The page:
Academy of Strategic Management Journal (Print ISSN: 1544-1458; Online ISSN: 1939-6104)


How News Media Frame A Crisis: A Comparative Analysis of Nation-Wide and Local News Coverage Dealing with the Penn State Scandal

Author(s): Jinbong Choi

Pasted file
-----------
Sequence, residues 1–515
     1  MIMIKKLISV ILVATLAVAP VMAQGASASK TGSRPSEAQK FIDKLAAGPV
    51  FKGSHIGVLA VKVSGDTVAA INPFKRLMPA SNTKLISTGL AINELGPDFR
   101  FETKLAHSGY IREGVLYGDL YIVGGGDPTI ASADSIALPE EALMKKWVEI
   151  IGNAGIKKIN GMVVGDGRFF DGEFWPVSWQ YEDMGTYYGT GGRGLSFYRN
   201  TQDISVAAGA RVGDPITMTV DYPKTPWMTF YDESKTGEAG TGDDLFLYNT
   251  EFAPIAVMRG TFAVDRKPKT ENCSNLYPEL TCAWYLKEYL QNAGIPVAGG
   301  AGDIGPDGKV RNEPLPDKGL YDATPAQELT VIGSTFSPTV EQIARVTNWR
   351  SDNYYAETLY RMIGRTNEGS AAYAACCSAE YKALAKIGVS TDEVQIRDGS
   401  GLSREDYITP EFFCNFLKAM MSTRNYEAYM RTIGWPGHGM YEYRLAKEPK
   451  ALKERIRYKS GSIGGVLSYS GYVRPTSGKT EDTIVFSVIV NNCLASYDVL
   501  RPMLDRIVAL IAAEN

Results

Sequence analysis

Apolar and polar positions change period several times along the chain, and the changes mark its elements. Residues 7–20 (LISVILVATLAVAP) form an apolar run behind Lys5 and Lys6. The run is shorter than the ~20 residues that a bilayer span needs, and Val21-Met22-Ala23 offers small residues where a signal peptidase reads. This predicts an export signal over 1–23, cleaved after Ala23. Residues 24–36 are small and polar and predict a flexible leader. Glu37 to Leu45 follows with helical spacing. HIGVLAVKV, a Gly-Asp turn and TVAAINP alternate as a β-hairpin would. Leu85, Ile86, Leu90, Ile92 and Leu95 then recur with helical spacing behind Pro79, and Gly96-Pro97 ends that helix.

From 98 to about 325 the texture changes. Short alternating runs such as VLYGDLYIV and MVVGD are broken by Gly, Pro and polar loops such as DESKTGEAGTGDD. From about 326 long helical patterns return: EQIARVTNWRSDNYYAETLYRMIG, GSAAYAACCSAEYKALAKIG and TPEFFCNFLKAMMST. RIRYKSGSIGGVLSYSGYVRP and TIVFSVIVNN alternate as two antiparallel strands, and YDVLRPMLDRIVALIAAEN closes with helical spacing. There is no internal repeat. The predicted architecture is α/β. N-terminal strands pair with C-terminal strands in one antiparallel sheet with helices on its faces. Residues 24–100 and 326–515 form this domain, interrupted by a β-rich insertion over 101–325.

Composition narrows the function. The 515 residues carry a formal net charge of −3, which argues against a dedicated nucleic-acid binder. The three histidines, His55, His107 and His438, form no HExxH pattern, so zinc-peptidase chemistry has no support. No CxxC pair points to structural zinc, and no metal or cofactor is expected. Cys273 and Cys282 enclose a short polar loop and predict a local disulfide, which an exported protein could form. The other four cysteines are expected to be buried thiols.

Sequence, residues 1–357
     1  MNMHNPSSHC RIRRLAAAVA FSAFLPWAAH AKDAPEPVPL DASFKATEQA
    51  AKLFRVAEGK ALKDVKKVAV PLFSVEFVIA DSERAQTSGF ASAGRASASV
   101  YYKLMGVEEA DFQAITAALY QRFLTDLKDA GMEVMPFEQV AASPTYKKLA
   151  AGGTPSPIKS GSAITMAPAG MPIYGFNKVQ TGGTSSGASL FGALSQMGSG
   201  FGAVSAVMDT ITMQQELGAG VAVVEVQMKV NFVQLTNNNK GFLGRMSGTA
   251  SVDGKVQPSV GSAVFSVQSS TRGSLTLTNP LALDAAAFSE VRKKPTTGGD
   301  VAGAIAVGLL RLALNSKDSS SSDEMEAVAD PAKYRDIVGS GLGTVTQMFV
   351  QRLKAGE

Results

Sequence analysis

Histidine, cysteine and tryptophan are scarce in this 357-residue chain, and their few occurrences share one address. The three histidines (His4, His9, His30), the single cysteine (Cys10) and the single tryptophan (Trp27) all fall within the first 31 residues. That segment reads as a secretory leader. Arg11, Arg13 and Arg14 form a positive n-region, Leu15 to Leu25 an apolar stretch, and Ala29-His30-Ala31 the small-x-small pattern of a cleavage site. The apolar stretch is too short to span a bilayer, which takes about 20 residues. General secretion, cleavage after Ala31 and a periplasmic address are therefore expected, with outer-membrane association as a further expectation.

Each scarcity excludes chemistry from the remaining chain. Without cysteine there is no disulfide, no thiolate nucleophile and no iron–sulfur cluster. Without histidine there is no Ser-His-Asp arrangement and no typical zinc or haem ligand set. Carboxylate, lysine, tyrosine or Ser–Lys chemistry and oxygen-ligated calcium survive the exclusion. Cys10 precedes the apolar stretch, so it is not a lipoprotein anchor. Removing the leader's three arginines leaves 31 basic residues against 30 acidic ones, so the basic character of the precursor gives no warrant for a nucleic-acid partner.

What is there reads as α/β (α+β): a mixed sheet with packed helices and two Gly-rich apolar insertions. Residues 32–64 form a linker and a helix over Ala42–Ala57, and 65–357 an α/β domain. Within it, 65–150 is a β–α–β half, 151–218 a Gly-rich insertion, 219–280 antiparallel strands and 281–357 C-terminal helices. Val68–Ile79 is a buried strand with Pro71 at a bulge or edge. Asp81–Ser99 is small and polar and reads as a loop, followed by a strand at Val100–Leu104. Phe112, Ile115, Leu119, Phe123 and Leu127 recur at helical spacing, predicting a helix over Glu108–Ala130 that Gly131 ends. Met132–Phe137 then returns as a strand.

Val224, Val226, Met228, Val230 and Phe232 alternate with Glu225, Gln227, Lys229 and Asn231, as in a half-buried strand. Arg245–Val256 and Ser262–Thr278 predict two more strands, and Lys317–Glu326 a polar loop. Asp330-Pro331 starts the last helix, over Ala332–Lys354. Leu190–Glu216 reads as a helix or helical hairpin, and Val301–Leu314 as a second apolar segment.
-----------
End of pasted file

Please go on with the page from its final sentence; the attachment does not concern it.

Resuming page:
The purpose of this study is to evaluate how news media covered the Penn State scandal through contents analysis of news coverage of the crisis. To conduct this research, four newspapers were selected: The New York Times and The Washington Post as nation-wide newspapers, and Centre Daily Times and Daily Collegian as local newspapers. Overall, 368 news articles were gathered during an approximately one-month time period (November 5, 2011 to December 5, 2011). According to the findings of this study, the coverage of the Penn State scandal was heaviest during the first two weeks of the selected time period and all frames were used most heavily during the beginning of the crisis. Regarding the frames used, all newspapers utilized the attribution of responsibility frame, the human interest frame, and the morality frame predominantly. Additionally, local newspapers claimed Coach Sandusky to be the party most responsible for the scandal, while national newspapers found Penn State University responsible more frequently. All responsible parties overwhelmingly employed silence as a response to the crisis and rarely used the ‘accept responsibility’ response.

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